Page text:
How to Force an Executor to Execute a Will in Oklahoma

By Jennifer Williams

Oklahoma law requires anyone in possession of a will, such as the named executor, to present it to the court within 30 days of the testator's (will maker) death. If the will is not presented within the 30-day window, Oklahoma law allows any heir, beneficiary or other interested party to compel presentation of the will, which begins the probate process and effectively forces the executor to execute, or probate, the will.

Step 1

Determine whether the will has been presented to the district court for probate. Check with the district court, probate division, in the county where the deceased lived and ask if the will has been filed. The court clerk will need the deceased's name and possibly dates of birth and death to verify whether the will is on file.

Step 2

Petition the court to require the will be produced and filed with the court. The petition must contain a statement showing the court has jurisdiction, state whether any named executor agrees or does not agree to act in that capacity, state the names, contact information and ages of all beneficiaries named in the will, list all estate property and its approximate value (to the best of the petitioner's knowledge), and name an individual who wants to serve as executor. The petitioner should also state the name of the person she believes has possession of the will. The petition must be signed and filed with the district court.

File a DBA for your business online. Get Started Now

Step 3

Wait for the court to issue an order requiring the individual in possession of the will to produce it and file it with the court, after which the court appoints an executor and the execution of the will, or probate, begins. If the individual with the will does not comply with the court order and refuses or neglects to file the will, he may be jailed until the will is turned over to the court.

File a DBA for your business online. Get Started Now
New York Estate Law When the Executor Dies

References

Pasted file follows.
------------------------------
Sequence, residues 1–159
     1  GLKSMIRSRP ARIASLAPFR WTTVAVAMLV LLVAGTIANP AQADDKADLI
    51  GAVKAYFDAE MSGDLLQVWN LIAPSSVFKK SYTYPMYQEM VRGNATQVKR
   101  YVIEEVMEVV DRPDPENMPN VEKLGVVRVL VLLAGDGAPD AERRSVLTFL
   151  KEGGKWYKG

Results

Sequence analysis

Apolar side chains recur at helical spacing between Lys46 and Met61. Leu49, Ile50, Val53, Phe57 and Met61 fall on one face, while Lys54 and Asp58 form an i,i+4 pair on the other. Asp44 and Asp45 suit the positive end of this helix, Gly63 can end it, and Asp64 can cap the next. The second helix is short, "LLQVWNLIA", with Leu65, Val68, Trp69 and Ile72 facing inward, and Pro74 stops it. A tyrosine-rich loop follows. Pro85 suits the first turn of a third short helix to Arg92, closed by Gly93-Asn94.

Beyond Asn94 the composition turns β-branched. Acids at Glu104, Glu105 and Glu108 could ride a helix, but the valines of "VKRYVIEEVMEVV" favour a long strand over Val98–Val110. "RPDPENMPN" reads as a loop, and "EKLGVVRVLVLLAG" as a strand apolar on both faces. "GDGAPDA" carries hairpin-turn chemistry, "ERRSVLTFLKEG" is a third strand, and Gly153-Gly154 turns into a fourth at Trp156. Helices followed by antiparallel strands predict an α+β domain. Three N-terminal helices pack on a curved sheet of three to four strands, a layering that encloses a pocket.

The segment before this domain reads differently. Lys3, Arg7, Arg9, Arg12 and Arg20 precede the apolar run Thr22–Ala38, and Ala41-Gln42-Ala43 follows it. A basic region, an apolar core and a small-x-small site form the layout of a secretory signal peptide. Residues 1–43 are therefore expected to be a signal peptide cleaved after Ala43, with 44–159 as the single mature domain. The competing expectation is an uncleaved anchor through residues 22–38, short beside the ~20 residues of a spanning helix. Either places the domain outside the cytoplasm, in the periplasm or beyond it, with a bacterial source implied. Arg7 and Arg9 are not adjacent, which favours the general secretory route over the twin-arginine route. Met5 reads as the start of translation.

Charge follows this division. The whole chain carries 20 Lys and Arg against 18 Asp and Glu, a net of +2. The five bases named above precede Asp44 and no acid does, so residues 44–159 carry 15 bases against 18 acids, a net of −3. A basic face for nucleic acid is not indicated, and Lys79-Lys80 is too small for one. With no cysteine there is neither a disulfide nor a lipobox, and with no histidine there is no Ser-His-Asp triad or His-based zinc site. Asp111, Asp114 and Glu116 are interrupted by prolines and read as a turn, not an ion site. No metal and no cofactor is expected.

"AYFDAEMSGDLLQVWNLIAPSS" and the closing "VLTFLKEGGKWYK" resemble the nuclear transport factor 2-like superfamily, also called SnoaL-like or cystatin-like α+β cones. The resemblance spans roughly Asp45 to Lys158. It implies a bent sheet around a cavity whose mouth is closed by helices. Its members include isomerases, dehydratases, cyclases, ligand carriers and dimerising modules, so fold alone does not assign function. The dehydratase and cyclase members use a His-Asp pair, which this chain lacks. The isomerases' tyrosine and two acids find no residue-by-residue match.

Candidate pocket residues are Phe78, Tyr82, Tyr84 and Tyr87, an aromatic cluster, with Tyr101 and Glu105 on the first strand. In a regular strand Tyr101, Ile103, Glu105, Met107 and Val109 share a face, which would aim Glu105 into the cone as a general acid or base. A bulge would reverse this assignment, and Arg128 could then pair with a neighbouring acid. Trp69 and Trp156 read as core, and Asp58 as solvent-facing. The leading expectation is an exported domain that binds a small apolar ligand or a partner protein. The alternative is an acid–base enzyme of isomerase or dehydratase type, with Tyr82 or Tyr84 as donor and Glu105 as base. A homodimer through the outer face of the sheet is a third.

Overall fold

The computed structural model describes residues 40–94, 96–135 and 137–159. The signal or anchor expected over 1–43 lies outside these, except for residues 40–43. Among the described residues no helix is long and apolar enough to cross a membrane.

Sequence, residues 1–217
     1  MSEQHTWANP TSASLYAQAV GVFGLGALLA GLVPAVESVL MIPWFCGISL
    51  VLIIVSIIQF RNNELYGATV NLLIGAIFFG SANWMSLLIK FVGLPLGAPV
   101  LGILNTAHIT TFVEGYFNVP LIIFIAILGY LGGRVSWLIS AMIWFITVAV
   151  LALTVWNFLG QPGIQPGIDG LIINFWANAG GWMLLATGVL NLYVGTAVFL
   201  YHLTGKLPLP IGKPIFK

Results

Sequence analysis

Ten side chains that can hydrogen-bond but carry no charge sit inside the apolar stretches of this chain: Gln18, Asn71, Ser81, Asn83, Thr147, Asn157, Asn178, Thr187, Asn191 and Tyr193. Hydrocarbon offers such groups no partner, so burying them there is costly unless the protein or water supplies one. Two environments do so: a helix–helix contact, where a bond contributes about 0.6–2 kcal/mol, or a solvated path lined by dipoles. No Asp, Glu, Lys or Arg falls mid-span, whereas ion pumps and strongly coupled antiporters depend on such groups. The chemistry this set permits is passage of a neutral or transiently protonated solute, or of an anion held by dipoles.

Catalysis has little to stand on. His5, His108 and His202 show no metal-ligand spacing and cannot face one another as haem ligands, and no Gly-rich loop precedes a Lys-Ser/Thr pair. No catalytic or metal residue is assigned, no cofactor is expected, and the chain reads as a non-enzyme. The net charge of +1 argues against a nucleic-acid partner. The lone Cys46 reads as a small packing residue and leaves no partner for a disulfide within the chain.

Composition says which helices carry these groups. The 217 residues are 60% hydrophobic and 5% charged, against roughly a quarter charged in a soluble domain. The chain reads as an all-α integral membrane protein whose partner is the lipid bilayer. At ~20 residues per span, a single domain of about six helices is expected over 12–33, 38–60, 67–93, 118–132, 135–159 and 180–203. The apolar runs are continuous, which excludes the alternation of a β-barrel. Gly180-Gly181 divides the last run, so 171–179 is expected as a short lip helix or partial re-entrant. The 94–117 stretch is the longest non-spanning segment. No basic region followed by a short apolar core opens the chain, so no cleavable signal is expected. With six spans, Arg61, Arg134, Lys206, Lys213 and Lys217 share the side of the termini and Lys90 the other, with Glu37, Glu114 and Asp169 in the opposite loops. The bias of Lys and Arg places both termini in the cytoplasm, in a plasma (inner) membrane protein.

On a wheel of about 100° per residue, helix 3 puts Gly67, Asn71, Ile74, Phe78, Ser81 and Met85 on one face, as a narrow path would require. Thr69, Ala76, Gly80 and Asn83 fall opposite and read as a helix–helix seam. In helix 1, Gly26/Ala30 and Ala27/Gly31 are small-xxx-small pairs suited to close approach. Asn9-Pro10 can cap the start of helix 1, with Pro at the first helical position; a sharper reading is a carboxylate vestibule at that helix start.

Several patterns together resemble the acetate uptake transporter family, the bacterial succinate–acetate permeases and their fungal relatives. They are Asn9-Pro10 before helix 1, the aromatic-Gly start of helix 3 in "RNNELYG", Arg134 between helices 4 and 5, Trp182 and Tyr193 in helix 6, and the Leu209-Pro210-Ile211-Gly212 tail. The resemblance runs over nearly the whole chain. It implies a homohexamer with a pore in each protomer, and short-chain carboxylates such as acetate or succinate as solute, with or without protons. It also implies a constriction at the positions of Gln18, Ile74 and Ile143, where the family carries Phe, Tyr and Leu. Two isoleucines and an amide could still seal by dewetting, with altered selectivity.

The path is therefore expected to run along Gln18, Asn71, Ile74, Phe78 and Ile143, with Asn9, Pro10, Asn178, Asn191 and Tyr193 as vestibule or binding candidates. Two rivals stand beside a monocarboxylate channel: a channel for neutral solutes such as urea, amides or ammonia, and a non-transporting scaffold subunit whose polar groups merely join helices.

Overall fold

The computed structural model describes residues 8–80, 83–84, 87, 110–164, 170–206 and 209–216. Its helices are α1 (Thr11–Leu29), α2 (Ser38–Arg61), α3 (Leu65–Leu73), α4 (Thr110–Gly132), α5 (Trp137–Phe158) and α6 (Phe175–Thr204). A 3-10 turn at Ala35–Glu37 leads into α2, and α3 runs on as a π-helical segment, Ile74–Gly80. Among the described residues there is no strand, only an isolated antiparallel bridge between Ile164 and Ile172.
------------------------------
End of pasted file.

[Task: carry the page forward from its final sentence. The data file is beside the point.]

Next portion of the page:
Related articles

When Does Last Will & Testament Have to Be Filed in Probate?

When someone dies, leaving a will, it must be filed in the appropriate probate court to be legally effective. The court must verify that it is, indeed, the decedent's will and that it has been property executed under state law. The personal representative, or executor, named in the will cannot begin estate administration until probate has been opened.

If an Executor Is Not Available Who Could Execute a Will?

The executor is the person named in a will to administer an estate and fulfill the terms of the will, upon the passing of the will maker, or testator. However, a named executor may decline to take on the role of executor, or in some cases, may be deceased or simply unable to fulfill the role. A well-written will typically has provisions for these circumstances, or in the absence of these provisions, the court may intervene.

Can a Non-Lawyer Bring a Will to Probate Court?

Probate is the process of ensuring a will's validity and carrying out the instructions it contains. The probate process is overseen by a probate court, but the actual work on the estate is typically done by the estate's executor or personal representative. A non-lawyer may file a will to open the probate estate and may serve as executor.

Related articles

The Amount of Time Allowed to Probate a Will in Pennsylvania

State laws vary with regard to probate. Probate is a judicial process where a special court oversees the administration ...

How to File a Will to Be Probated in Michigan

To start the probate of a will in Michigan, you must file the will, which initiates the court proceedings necessary to ...

Requirement to File a Will After Death in Texas

On the death of a Texas resident, the laws of probate court govern the handling of wills. Probate is the process of ...

How to Find the Executor of a Will for Distribution of Property

Although common law required different instruments for bequeathing real and personal property, current law eliminates ...

Browse by category
Ready to Begin? GET STARTED